Venue Review: West Park Tavern
"Looks like we've finally found it," my wife says as soon as we're seated, the first time we dine at West Park Tavern.
I don't have to ask what she means. Ever since moving across town a couple of years ago, we've been searching for a place near our new home where we could grab a bite on the nights when I'm not reviewing a restaurant and neither of us feels like cooking.
Our requirements are few, but our efforts to find them all under one roof have so far proved futile. A decent draft beer selection is a must. So is a good burger, which I've found to be the ultimate antidote to a restaurant critic's diet. A few reliable alternatives for the occasional change of pace would be a plus.
Sounds like a sports pub, right? Indeed, we've found a number of pubs that satisfy those needs. But they've all failed to meet our final criterion: a relaxed, reasonably quiet atmosphere. The overwhelming majority of sports pubs are by design cavernous spaces with wall-to-wall TVs, and, understandably, an often boisterous clientele.
OK, that last requirement is mainly my wife's. But it's a reasonable one, given that she's such a good sport about accompanying me wherever I need to go for a reivew. And, of course, given that she's my wife.
Stopping in at West Park Tavern not long after it opened last summer, we knew we'd finally found a solution to that problem. Earth tones with natural stone and wood accents instantly put my wife at ease. And, while there are plenty of high-definition screens (I plead guilty to occasionally sneaking a peek over her shoulder), the tavern is broken into small enough spaces that the noise level is tolerable even when the home team scores.
We're able to give a thumbs-up to the attractive curved bar too, which bristles with 14 taps, including a few local brews. An impressive selection of some 80 whiskies - among them a dozen single malts and twice that number of bourbons - is a bonus.
Next on our checklist: burgers. I order the Plain Jane, medium-rare with American cheese. It's a winner, eight ounces of beef grilled just as I've ordered. On a subsequent visit, I try the burger special, which raises the ante with a fried green tomato and homemade pimento cheese. It seems a bit pricy at $12, but the price is justified when a towering sandwich taller than it is wide is set down before me.
My wife can't resist the description of Southern fried chicken, listed under the heading of Main Events: "Sweet tea brined cornmeal-fried chicken breast over Tasso ham grits and seasonal veggies, finished with sausage gravy." It's a daring choice for a first-time visit to a sports pub, I think. But what do I know? It's another solid winner.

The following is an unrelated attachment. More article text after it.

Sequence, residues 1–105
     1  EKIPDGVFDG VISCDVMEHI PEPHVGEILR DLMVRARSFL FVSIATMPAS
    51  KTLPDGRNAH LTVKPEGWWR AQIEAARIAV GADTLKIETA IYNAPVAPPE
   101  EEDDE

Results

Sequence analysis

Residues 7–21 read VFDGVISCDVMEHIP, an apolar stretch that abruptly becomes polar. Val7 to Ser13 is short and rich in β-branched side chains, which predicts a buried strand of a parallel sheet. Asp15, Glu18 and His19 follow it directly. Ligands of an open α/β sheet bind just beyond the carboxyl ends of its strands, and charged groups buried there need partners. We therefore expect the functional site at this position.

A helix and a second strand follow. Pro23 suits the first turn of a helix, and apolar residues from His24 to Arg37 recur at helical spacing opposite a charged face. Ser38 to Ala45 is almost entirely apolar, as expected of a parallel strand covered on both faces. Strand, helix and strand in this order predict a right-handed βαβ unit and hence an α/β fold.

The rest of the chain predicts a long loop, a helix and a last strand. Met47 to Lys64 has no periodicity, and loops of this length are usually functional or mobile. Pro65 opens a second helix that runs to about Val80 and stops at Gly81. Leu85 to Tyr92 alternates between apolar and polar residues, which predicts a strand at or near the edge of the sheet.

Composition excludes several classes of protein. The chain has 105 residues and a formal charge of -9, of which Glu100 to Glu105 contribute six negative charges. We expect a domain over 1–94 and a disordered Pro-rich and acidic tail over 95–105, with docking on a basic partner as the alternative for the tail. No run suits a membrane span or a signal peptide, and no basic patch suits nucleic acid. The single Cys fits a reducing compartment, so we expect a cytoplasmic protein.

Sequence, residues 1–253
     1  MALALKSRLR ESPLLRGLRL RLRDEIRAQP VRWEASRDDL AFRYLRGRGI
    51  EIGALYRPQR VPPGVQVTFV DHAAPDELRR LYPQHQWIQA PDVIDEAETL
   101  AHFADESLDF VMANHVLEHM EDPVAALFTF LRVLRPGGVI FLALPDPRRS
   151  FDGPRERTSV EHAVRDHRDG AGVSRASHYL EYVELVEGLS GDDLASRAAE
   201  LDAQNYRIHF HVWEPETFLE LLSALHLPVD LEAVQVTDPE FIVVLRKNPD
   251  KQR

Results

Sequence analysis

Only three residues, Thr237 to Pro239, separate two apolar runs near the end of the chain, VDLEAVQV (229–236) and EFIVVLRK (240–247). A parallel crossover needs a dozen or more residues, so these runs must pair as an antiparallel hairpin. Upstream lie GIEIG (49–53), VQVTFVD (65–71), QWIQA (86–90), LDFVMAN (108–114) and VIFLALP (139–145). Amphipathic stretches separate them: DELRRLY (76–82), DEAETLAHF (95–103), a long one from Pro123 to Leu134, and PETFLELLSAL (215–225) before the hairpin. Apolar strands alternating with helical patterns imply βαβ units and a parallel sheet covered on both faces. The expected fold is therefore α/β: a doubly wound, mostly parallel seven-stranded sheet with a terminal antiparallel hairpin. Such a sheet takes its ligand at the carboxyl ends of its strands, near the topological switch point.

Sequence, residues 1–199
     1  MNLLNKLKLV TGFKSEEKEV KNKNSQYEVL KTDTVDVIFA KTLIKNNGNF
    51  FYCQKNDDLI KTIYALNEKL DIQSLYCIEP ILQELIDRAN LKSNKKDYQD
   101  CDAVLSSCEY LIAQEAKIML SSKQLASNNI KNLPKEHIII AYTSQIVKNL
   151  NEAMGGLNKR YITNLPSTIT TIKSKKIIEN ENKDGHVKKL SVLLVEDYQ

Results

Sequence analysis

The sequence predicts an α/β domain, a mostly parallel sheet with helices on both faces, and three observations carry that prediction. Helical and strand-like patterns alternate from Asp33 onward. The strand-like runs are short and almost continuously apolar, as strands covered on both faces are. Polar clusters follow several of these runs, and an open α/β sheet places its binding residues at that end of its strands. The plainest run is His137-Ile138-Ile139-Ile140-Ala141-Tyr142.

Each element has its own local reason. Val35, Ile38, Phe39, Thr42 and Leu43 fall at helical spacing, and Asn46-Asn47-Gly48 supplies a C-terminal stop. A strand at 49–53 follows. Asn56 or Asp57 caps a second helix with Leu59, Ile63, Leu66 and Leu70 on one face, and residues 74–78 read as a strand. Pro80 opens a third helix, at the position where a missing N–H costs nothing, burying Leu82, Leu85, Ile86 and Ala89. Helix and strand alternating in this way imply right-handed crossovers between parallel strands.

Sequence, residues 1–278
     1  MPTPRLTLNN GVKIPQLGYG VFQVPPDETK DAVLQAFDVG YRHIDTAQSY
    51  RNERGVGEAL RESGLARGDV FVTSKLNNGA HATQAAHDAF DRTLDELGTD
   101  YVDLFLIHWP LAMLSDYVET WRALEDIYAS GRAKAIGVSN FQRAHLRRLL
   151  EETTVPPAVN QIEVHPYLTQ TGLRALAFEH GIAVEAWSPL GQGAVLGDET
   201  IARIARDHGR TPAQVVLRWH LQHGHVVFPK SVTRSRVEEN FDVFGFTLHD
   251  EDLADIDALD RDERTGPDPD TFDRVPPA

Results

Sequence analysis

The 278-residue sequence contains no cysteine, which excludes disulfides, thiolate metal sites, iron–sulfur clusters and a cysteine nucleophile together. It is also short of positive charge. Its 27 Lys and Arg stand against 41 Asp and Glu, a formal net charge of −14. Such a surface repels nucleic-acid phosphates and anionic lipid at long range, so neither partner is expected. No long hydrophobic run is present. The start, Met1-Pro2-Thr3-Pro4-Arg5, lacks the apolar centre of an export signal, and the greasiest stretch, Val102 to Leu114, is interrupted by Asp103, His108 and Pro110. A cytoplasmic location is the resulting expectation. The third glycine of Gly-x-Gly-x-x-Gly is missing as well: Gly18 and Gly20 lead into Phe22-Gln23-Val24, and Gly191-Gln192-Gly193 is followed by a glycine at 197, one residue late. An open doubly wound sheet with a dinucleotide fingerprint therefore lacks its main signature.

And it's not the only alternative to the usual pub fare suspects when the mood for something different strikes. Liberally sprinkled among the wings and nachos and fried pickled chips, you'll find an eclectic offering ranging from banh mi to North Carolina wahoo tostadas.
Culinary Institute of America-trained chef Pete Susca makes the salsa verde for those tostadas from scratch. He smokes the pork for the Western Carolina-style barbecue that he piles onto anything from nachos to mac and cheese, where it joins a crumble topping of Ashe County smoked cheddar and crushed Ritz crackers. He pickles the jalapenos for those nachos, too, and - well, you get the idea. Scratch preparation gets a lot more playing time here than at your typical sports pub.
That said, I'd be inclined to pull the house-battered onion rings out of the starting lineup. On two separate occasions, the batter has been far too thick and heavy. Same goes for the fish and chips.
Given that these are the only out-and-out misses I've encountered from the kitchen (I can give a qualified recommendation to the wings, which were dry the first time I ordered them, better the next time), I can only conclude that batter-fried items are a weak link. Unfortunately, that's a pretty big link for a sports pub.
That's just what I tell Mario Russo when I speak to him on the phone in preparation for writing my review. Russo, who owns West Park Tavern with his brother-in-law Nick Masino and nephew Anthony Masino, has asked if I have any recommendations for improvement.
I tell him about the onion rings and fish and chips, and then I say I hope he's able to make me a liar by the time the review comes out. It's in the restaurant's best interest, after all, as well as that of its customers. In this case, I'm thinking of two customers in particular.